Way back in 2004, the Supreme Court had directed Centre and state governments to take necessary steps and prepare an action plan for management of municipal solid waste in Metro cities and states capitals.

Source: http://timesofindia.indiatimes.com/india/Cabinet-likely-to-approve-policy-for-producing-more-compost-from-municipal-garbage/articleshow/50550283.cms

Your School Needs Effective Solid Waste Management

The fact that solid waste in schools is fast increasing cannot be overemphasized. This is attributed to increased population in schools. If you are a school manager or a city-county waste management coordinator, discover simple yet effective procedures of managing solid waste in your school.

Teachers and students can also be part of these approaches to rid their environment of undesirable waste. After all, many states require that all schools manage their solid waste efficiently. Read more

Mass movement needed to tackle garbage menace

Thiruvananthapuram: A mass movement in the lines of people’s planning programme is the need of the hour to save Kerala from the suffocating garbage crisis, suggests a paper presented at the fourth international congress on Kerala studies organized by the CPM.
The paper calls for making garbage processing a habit and says all citizens should play a part in it. Read more

Risks and hazards in waste management and recycling

risks-and-hazards-in-waste-management-and-recycling-bin-man

Waste management and recycling workers are susceptible to all kinds of risks and hazards ranging from the minor to the major. In fact, the number of fatal incidents in the waste and recycling industry is more than ten times the national average and accident rates are four times the national average.

Over the last five years there have been 37 worker fatalities in the UK in the waste management and recycling injuries. Nine of these fatalities were a result of being struck by a moving vehicle, five were a result of a machinery-related incident, and three of the cases were a result of falling from a height. Read more

An Investment Opportunity In Trash

As incredible as it might seem, processing trash may represent a future unique investment opportunity. Consider the new technologies that will operate on the micro scale, breaking the bonds of molecules through bio-mechanical means, which could be applied to recycling trash completely. It is quite possible that many of these innovations may emerge from our efforts to explore and live in space.

Since the dawn of the Industrial Age, we have polluted our streams, rivers, lakes and oceans with pesticide and fertilizer runoff, mining and oil wastes, petrochemical products and thousands of other dangerous products.

Pollution has reached the point where a cleanup of our environment — on a macro scale with heavy equipment — is impractical. Despite present efforts, humanity is losing the fight to manage trash. Read more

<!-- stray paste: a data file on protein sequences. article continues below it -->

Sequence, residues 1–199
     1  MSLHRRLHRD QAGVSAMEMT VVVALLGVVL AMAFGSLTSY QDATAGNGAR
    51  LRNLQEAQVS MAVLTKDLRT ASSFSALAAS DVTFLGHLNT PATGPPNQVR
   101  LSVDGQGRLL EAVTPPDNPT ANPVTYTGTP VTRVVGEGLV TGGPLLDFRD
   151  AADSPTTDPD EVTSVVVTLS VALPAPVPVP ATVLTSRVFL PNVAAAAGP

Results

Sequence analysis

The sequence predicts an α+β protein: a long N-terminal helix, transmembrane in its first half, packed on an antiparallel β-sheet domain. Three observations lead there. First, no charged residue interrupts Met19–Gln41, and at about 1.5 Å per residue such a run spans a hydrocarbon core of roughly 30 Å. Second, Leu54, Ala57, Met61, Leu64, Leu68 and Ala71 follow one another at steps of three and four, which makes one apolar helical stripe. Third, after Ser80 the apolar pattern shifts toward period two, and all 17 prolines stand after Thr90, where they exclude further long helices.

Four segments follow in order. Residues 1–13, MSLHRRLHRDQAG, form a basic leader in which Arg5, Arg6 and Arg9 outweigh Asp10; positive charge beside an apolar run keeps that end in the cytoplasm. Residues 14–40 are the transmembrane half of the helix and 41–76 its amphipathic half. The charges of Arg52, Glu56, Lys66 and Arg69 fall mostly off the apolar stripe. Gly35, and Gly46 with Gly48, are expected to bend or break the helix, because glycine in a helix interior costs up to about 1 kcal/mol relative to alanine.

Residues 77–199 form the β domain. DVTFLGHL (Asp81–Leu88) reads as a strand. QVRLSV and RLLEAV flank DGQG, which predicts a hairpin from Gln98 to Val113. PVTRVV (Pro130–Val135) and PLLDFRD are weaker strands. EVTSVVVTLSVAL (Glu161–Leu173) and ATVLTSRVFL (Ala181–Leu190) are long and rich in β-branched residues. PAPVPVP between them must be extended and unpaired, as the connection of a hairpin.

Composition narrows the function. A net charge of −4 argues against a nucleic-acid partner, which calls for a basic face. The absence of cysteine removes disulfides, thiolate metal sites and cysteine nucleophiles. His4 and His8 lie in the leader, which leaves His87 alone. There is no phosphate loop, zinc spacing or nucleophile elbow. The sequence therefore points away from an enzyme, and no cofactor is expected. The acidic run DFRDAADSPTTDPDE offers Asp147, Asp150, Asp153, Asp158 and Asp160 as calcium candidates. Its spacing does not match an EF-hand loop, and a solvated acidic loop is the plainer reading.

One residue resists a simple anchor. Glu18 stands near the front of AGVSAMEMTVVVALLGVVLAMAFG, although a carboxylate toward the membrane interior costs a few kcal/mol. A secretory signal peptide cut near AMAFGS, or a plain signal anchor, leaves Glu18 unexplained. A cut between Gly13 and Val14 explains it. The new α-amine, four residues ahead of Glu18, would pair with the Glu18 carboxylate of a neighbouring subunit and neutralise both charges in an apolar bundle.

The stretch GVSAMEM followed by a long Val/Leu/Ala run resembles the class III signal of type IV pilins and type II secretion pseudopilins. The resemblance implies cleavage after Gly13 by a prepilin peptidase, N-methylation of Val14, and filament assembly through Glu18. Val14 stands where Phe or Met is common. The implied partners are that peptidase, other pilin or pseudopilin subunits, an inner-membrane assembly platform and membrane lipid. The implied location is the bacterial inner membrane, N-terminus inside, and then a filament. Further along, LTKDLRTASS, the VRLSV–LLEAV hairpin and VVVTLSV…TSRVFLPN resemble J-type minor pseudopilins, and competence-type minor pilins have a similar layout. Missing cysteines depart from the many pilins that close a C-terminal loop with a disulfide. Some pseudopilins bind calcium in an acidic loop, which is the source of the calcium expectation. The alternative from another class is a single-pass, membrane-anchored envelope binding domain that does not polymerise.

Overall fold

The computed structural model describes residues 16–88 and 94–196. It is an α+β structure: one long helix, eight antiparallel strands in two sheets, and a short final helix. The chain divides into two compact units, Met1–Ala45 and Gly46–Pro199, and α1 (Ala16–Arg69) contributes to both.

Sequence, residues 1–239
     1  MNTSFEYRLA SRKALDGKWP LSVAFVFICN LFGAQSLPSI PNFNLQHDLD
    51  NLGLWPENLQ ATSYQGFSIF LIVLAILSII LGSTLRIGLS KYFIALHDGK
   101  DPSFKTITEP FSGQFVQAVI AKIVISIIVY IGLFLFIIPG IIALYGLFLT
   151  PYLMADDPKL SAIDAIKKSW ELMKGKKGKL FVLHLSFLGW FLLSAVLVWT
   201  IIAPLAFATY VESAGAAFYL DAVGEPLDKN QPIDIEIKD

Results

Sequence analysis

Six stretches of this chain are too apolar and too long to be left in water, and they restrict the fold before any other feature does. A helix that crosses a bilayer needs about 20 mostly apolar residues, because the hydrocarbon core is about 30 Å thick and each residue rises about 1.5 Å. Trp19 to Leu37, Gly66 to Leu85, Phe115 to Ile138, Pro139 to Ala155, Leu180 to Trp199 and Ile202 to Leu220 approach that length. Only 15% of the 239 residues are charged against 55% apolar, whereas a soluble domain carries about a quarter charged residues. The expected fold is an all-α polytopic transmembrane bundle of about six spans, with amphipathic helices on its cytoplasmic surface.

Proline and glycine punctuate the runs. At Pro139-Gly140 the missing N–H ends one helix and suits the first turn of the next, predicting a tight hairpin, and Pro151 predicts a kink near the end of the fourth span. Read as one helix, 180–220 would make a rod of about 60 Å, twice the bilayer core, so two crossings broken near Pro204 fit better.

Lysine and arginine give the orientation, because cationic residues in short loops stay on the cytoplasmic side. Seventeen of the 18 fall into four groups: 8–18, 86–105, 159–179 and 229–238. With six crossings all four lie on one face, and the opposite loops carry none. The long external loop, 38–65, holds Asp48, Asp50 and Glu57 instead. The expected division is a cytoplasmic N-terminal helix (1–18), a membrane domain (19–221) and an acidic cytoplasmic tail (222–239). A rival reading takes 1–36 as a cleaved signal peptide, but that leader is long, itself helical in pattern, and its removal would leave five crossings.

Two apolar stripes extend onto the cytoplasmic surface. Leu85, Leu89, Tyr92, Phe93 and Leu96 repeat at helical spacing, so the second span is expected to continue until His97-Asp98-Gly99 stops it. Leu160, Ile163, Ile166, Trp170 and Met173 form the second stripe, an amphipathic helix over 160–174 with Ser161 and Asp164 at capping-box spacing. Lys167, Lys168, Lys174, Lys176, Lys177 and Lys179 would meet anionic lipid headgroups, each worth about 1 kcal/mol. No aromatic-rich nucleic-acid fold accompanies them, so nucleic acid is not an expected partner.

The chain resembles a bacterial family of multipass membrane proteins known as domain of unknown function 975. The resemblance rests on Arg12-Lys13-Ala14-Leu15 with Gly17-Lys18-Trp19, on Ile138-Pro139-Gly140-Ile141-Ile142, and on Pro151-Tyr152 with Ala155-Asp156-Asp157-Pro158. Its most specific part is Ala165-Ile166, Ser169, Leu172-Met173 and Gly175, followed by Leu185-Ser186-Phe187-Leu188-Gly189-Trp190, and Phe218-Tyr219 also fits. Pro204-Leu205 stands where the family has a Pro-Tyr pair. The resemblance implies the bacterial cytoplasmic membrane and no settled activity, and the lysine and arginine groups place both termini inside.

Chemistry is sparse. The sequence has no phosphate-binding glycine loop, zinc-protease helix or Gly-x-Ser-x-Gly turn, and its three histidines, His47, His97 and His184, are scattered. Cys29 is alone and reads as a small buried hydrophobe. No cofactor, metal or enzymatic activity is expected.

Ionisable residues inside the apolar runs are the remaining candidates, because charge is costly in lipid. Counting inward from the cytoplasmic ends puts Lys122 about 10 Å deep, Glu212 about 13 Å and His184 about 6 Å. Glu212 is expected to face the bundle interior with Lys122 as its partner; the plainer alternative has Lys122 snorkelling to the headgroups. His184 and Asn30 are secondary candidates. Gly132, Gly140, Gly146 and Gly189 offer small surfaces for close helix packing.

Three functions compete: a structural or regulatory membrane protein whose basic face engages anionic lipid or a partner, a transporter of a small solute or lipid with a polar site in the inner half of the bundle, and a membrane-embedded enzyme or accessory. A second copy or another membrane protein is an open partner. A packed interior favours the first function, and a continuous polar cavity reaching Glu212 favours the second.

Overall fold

Should plastic bags be recycled or banned?

California has become an interesting test-case for both approaches to one plastic problem.

Back in 2006, California passed a law that mandated a system for recycling plastic shopping bags. Today, supermarkets and other large stores have receptacles where plastic bags can be returned for recycling.

However, a recent report from the Associated Press found that it’s difficult to measure how successful this program has been. They found that the data collected by the Department of Resources Recycling and Recovery has not been analyzed since 2009, when about 3 percent of bags made it to recycling. The department did provide reporters with the raw data: Read more

MSW Generation in the Middle East

The high rate of population growth, urbanization and economic expansion in the Middle East is not only accelerating consumption rates but also increasing the generation rate of all  sorts of waste. Bahrain, Saudi Arabia, UAE, Qatar and Kuwait rank in the top-ten worldwide in terms of per capita solid waste generation. The gross urban waste generation quantity from Middle East countries has crossed 150 million tons per annum.The world’s dependence on Middle East energy resources has caused the region to have some of the largest carbon footprints per capita worldwide. The region is now gearing up to meet the challenge of global warming, as with the rapid growth of the waste management sector. During the last few years, UAE, Qatar and Saudi Arabia have unveiled multi-billion dollar investment plans to Improve waste management scenario in their respective countries.  Read more

Significance of E-Waste Management

optimized-ewaste-pile
Electronic waste (or e-waste) is the fastest growing waste stream, and its disposal is a major environmental concern in all parts of the world. More than 50 million tons of e-waste is generated every year with major fraction finding its way to landfills and dumpsites. E-waste comprises as much as 8% of the municipal solid waste stream in rich nations, such as those in GCC. Globally only 15 – 20 percent of e-waste is recycled while the rest is dumped into developing countries. However, in the Middle East, merely 5 percent of e-waste is sent to recycling facilities (which are located in Asia, Africa and South America) while the rest ends up in landfills. Read more